Dorset's great beauty is proving to be a welcome inspiration for another country

Countless artists, designers, photographers, and creative talents are constantly inspired by the beautiful patchwork quilt ofstunning coast and countryside in Dorset.

Contemporary furniture company Another Country is heavily inspired by its Dorset roots, so much so that they have created a series of eye catching collections developed and produced in Shaftesbury and the majority of furniture continues to be prototyped in the county.

Founded in 2010 by Paul de Zwart, who lives in Wiltshire, Another Country is a UK brand that believes in sustainable manufacture and timeless design. They pride themselves on their craftsmanship and attention to detail, producing their furniture in the UK and Europe using certified timber of the highest grade.

To honour the company’s five-year milestone in 2015, they commissioned a group of like-minded British and international designers to create a bespoke studio line that celebratesthe inspiring history and renowned landscape of Dorset. They even created a Dorset Series Collection and commissioned photographer Rich Stapleton, creative director of Cereal magazine, to create a set of prints.

The inaugural collection, SeriesOne, was produced inShaftesbury. The unspoiled countryside, charming villages and steep, chalky coastline of the region have been a continuoussource of inspiration, and the anniversary collection features five limited edition pieces from David Irwin, Catherine Aitken, Studio Dessuant Bone and Note.

Newcastle-based industrial designer David Irwin took inspiration for his Portland stone “Purbeck Buoys” from the brightly coloured floats used for the marking of lobster trap locations in the seassurrounding Dorset. His “Hardy” chair was inspired by Dorset-born novelist Thomas Hardy, creating an ode to the beauty of furniture that is handed down across generations. Two chair typologies from the 19th century influenced the design; the low-backed wooden Captain’s armchair and the Smokers bow, often found in smoking rooms, public houses, barbershops and cottages.

Dry stone walls are, along with hedgerows, one of the most commonly used land boundaries in Dorset, helping to createwhatwe nowregard asthe traditional pattern of fields and lanesso evocative of rural England.

Catherine Aitken’s solid oak and brass step stool is inspired by the temporary wooden framesthat aid the construction of these walls – as well asthe stilesthatremain afterwards.

The iconic Durdle Door on the Jurassic Coast was the influence for Studio Dessuant Bone in creating the “Jurassic Light 117”. Portland stone, which carries impressions of fossils, has been used and the cylindrical negative space created by the natural limestone arch have been interpreted in the simple shape that forms the light.

The final piece was created by Note Studio – a vase inspired by the familiar matt colouring and weathered surfaces of the sea glass that continually washes up on the coast of Dorset. Sea glass typically takes 20 to 30 years, and sometimes as long as 50 years, to acquire its characteristic texture and shape.

Following the success of the Dorset Series, the brand recently launched the new “Hardy Series” (an extension of David Irwin’s Hardy chair) at this year’s designjunction, part of London Design Festival 2017.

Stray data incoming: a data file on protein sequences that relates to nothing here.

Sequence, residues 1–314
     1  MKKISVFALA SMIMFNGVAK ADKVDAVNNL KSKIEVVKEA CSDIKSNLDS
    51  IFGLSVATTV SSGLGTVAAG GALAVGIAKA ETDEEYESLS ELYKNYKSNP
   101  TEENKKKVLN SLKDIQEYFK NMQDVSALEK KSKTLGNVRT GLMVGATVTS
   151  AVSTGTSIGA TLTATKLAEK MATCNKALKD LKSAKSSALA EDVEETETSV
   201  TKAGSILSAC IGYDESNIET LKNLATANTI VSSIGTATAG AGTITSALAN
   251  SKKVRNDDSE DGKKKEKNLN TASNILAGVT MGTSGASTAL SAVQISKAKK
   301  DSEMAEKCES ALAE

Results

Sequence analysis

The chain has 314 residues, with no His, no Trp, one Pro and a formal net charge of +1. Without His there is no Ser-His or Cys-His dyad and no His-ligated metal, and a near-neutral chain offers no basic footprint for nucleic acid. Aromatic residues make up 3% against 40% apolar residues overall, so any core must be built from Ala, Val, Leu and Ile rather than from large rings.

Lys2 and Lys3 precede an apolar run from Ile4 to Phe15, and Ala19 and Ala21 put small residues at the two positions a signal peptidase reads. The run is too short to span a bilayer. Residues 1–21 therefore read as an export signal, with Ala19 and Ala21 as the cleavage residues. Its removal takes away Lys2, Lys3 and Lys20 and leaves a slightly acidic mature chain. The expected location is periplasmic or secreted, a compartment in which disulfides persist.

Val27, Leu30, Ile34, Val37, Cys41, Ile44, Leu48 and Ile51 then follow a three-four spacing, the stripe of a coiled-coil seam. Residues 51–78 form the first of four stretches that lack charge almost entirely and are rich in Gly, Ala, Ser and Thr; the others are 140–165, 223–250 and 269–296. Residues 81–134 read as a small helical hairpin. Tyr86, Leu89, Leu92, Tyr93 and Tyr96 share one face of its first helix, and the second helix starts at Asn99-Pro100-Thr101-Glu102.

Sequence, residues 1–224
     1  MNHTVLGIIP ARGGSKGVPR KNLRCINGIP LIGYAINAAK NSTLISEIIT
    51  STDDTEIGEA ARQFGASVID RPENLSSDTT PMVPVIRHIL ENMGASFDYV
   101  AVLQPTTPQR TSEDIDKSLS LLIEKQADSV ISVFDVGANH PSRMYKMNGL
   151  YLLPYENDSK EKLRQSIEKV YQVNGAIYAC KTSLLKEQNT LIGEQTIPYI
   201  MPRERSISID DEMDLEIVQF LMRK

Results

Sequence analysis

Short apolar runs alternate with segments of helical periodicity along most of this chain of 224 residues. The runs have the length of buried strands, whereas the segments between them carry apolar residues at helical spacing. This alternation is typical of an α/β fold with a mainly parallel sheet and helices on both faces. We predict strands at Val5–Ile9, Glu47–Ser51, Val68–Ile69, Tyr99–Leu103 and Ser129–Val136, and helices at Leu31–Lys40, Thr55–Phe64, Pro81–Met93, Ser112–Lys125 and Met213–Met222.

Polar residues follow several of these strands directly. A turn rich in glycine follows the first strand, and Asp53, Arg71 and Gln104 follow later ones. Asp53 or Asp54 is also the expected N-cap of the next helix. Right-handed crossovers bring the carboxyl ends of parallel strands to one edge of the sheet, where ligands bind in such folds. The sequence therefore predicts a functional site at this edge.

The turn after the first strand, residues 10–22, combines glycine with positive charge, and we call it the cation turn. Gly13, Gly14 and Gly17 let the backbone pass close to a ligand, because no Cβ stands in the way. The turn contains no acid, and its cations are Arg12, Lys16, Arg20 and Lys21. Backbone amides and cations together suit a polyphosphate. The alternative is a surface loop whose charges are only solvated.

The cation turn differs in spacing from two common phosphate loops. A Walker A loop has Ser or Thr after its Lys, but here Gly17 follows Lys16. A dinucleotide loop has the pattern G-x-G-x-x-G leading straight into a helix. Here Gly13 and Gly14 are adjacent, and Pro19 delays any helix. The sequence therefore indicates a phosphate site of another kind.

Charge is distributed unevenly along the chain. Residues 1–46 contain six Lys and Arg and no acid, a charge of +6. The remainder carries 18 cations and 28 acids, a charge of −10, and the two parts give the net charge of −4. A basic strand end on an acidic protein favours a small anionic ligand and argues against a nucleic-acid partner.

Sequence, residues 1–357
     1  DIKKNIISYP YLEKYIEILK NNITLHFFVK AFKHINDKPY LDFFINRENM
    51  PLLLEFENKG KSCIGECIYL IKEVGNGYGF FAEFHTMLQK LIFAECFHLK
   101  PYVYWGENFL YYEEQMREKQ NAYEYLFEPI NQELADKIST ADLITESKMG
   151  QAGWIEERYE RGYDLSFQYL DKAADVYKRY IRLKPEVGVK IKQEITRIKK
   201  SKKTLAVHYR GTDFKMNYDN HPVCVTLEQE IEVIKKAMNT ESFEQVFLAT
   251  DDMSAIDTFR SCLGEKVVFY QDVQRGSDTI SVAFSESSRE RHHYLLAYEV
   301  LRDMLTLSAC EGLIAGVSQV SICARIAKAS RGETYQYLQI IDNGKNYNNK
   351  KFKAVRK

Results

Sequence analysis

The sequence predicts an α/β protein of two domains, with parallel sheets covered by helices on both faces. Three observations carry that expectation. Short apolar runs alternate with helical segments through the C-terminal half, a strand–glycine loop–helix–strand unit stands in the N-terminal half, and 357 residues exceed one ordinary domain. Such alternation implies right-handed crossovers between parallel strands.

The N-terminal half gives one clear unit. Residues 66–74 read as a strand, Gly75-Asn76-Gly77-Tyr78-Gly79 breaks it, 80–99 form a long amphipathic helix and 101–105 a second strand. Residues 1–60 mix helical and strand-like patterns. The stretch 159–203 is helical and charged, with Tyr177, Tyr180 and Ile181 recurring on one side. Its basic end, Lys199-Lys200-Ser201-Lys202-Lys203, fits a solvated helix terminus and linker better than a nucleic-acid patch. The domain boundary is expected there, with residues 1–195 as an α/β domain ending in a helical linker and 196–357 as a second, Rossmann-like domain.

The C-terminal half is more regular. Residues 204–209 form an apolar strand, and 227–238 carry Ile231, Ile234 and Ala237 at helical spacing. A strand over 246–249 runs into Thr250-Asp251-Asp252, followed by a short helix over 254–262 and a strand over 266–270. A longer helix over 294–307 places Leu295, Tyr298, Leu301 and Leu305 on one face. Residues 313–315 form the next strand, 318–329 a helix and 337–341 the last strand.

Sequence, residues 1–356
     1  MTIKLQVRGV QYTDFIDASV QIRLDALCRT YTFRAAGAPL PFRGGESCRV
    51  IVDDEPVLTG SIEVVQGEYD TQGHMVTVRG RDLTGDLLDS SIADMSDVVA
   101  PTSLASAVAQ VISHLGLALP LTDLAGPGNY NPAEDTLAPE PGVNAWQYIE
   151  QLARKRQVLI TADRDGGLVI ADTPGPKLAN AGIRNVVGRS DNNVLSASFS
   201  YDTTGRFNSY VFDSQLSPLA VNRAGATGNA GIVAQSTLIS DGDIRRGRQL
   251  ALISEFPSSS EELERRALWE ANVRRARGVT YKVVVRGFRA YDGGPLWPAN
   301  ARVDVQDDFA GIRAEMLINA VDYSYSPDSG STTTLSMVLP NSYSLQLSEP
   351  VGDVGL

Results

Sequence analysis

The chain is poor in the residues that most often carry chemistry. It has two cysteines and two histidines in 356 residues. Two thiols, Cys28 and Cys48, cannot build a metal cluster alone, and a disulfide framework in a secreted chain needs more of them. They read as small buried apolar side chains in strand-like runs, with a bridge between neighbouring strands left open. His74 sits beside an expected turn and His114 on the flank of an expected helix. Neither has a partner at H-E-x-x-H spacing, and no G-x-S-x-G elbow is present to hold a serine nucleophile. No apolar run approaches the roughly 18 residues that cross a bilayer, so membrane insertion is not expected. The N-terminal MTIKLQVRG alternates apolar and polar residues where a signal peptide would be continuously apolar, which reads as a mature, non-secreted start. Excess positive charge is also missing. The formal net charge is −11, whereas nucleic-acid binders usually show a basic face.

Combining both time-honoured craft techniques and modern technology, the series has been inspired by Another Country’s Dorset heritage and references Thomas Hardy’s birth century. The collection includes an armchair, rocking chair, bar stool, side chair, side table and coffee table, adding to the existing Hardy Chair created by Irwin in 2015 and awarded the prestigious Design Guild Mark in 2016.

Founder Paul de Zwart says: “Key to Another Country’s ethos is to design products that have contemporary appeal but also longevity and David’s designs capture this ethos perfectly.”

Irwin tells us: “The design of the Hardy family picks up where it left off from the original Hardy chair, creating a collection of furniture that imbues quality and longevity so that it will be passed down through the generations. Each piece in the collection celebrates the knowledge and skill of the hands which made it, resulting in a collection of honest and humble furniture built to last, to be lived with and to be loved.”



“I’m a Dutch national but grew up in many different countries with my longest ‘stint’ being in Italy before moving to the UK. I moved to London in 1993 to study for an MSc at the London School of Economics. In 1996 I co-founded Wallpaper* along with Tyler Brûlé. It was the first of what turned out to be a succession of creative industry start-ups that I’ve worked on, before launching Another County.”


“Everything we do and design stems from our core values, which we consider to be our guiding principles. Whilst there are four design schools that ‘inspire’ us – Shaker,Japanese, Scandinavian, English vernacular – we are always guided by good design, sustainability, longevity, quality and fair pricing. Dorset is an inspiring area that is a breath of fresh air from the city, allowing artists to create.”


“It is a familiar part of the country to me and that’s where I met Dominic Parish from Wardour Workshops, who would ultimately become a partner in the business.”


“Focus on what you know best and stick at it.”

HOW WOULD YOU SUM UP ABOUT COUNTRY IN THREE WORDS? “Contemporary, honest and functional.”